Racial disparities in mental health outcomes


Dr. Steve Gavazzi, Department of Human Sciences
Rank at time of award: Professor


The FAST$ database includes longitudinal data on the clinical outcomes of 4,987 youth and their families who received Medicaid-reimbursable behavioral health treatment in addition to the non-Medicaid reimbursable services made available through the FAST$ funding. As a subset of the state database on treatment services and outcomes for Medicaid eligible clients, the FAST$ database contains an array of important family variables (structure, mobility, stressors, processes) not found in the overall database. At the same time, additional information on local resource allocation (total dollars available for service delivery) throughout Ohio's 88 counties is available but has not been utilized by researchers to date. Given the substantial federal efforts to expand research on disparities related to mental health issues, greater utilization of these overlapping databases is warranted. Our long-term goal is to better understand disparities in service delivery and associated mental health outcomes. For the research we propose here, our objective is to first determine if there is a mediating effect of local resource allocation on the relationships between youths' racial background, service utilization, and clinically reliable treatment gains or losses. Next, we will examine the possible moderating effect of meeting family caregiver wants and needs on all these associations. The rationale underlying the proposed research is that a better understanding of the linkages between youth demographic and background characteristics on the one hand and their service utilization and mental health outcomes on the other will allow administrators to develop policies and procedures specifically designed to implement programs aimed at reducing the existing disparities.
Our study is innovative because it represents a unique opportunity to forge a partnership between the state of Ohio's Department of Mental Health (see letter of support from the ODMH director) and The Ohio State University (OSU) while taking advantage of these important state databases. Our team can begin to address questions such as: Do people of color have different outcomes depending on their geographic location? Do counties with fewer resources have higher levels of problem severity by the time their youth receive services? Do counties with higher resource allocation also have more hard to treat populations? Are youth who are receiving mental health services concentrated in economically disadvantaged/minority neighborhoods? Addressing such questions will open new arenas for pursuing and applying our research, including necessary next steps to include information on other client characteristics available in other state databases. Support for our hypotheses will have an important role to play in informing current efforts to evaluate the impact of financial systems now in place that have the potential to reduce disparities in both service delivery and clinical outcomes. Our analyses will also provide important preliminary findings necessary to submit a proposal for external funding.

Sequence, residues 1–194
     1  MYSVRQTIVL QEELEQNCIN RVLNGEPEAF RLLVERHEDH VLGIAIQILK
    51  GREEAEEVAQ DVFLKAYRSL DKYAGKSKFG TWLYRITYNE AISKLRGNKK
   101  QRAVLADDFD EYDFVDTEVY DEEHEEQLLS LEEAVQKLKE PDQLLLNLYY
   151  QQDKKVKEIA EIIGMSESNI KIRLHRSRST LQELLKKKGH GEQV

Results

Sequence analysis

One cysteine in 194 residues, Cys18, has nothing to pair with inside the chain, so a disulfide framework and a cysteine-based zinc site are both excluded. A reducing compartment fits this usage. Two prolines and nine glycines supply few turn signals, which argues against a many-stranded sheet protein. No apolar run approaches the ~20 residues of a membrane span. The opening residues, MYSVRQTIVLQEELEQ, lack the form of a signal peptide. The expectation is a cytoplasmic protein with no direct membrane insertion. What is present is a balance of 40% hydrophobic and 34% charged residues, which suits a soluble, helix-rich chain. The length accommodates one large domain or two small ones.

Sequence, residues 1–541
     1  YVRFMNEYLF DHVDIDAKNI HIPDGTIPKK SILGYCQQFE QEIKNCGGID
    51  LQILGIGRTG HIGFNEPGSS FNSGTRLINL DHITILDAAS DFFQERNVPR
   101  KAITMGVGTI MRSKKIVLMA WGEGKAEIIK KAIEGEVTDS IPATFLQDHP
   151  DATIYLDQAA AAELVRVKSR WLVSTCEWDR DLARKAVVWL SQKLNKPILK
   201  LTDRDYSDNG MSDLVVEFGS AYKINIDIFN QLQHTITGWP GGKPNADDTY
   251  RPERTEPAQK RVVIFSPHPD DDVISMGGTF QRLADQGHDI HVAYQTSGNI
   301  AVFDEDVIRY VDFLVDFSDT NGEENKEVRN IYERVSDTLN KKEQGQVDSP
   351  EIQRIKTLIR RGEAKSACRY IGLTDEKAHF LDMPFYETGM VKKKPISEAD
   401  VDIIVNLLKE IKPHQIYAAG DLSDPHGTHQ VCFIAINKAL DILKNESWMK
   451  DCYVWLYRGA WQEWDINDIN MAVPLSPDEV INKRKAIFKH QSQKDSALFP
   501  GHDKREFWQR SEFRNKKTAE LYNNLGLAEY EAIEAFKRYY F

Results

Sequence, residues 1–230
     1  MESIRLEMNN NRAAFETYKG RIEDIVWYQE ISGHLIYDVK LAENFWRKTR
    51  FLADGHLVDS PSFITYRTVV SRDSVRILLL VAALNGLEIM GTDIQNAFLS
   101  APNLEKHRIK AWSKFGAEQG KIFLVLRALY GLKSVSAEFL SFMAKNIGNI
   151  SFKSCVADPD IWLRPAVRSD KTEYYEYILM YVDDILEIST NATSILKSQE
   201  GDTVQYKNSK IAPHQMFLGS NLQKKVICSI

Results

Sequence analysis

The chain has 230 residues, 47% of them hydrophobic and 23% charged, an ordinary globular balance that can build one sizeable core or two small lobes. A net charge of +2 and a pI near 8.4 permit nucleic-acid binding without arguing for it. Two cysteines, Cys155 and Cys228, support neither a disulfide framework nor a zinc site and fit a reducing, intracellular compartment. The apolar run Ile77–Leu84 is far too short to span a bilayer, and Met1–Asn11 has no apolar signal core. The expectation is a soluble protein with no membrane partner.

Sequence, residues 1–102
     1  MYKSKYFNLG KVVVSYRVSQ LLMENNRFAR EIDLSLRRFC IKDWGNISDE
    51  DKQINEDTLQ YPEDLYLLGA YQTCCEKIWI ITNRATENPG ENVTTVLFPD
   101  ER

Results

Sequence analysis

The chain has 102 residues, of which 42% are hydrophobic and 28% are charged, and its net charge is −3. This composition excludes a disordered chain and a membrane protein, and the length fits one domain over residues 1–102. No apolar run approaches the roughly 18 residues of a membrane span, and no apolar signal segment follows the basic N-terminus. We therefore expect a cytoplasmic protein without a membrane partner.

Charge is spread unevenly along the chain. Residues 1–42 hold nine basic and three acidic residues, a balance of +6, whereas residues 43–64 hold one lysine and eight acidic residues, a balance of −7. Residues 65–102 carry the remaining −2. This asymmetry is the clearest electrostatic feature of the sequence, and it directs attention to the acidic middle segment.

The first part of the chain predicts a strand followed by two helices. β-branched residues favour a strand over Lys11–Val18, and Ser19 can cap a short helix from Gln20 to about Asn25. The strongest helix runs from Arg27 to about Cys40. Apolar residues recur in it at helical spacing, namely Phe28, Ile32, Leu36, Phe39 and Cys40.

Relation  of  the  proposed  work  to  previous  and  ongoing  work by the investigator (a) Stephen Gavazzi has undertaken evaluation of the FAST$ Project to date through a series of grants from ODMH. Through three years of existence, the FAST funding stream had touched the lives of almost 5,000 youth and families in Ohio. The longitudinal database generated though this evaluation effort is incredibly rich, and creates an exceptional opportunity to better understand the impact of behavioral health care issues on the lives of children, adolescents, and their families. The research team is uniquely poised to undertake such an effort, combining experience in assessment and intervention work that has targeted the families of at-risk youth (Gavazzi and Fristad), knowledge of spatial analysis methods and geographic information systems (GIS) (Kwan), familiarity with mental health policies surrounding the Medicaid program (Tanenbaum), and expertise in methodological and statistical approaches to large-scale databases (Cooksey and Snyder) .
An important outcome of this research will be the creation of information that can guide and direct empowerment efforts targeting families that contain children and adolescents with significant behavioral health needs. This study is innovative in a number of ways, including its focus on the specific nature of racial inequalities as a function of both resource allocation and family caregiver wants and needs. In addition, multiple disciplines are represented in an effort to generate ground-breaking information about behavioral health care treatment efforts targeting children and adolescents. Hence, an additional important outcome will involve the analysis of longitudinal data that can inform policies concerning the treatment services made available to children and adolescents covered by the Medicaid program.